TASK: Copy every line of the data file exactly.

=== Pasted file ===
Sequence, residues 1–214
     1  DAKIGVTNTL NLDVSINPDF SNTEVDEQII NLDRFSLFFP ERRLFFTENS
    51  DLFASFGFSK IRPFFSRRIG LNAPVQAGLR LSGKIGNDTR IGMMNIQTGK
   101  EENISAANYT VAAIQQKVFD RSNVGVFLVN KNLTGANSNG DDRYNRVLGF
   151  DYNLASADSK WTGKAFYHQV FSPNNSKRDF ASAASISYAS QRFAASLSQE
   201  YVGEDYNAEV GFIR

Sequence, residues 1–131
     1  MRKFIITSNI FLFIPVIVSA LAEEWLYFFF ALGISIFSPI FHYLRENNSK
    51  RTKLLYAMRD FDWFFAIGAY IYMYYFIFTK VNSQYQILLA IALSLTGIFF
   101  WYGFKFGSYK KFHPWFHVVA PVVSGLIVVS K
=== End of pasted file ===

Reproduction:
Sequence, residues 1–214
     1  DAKIGVTNTL NLDVSINPDF SNTEVDEQII NLDRFSLFFP ERRLFFTENS
    51  DLFASFGFSK IRPFFSRRIG LNAPVQAGLR LSGKIGNDTR IGMMNIQTGK
   101  EENISAANYT VAAIQQKVFD RSNVGVFLVN KNLTGANSNG DDRYNRVLGF
   151  DYNLASADSK WTGKAFYHQV FSPNNSKRDF ASAASISYAS QRFAASLSQE
   201  YVGEDYNAEV GFIR

Sequence, residues 1–131
     1  MRKFIITSNI FLFIPVIVSA LAEEWLYFFF ALGISIFSPI FHYLRENNSK
    51  RTKLLYAMRD FDWFFAIGAY IYMYYFIFTK VNSQYQILLA IALSLTGIFF
   101  WYGFKFGSYK KFHPWFHVVA PVVSGLIVVS K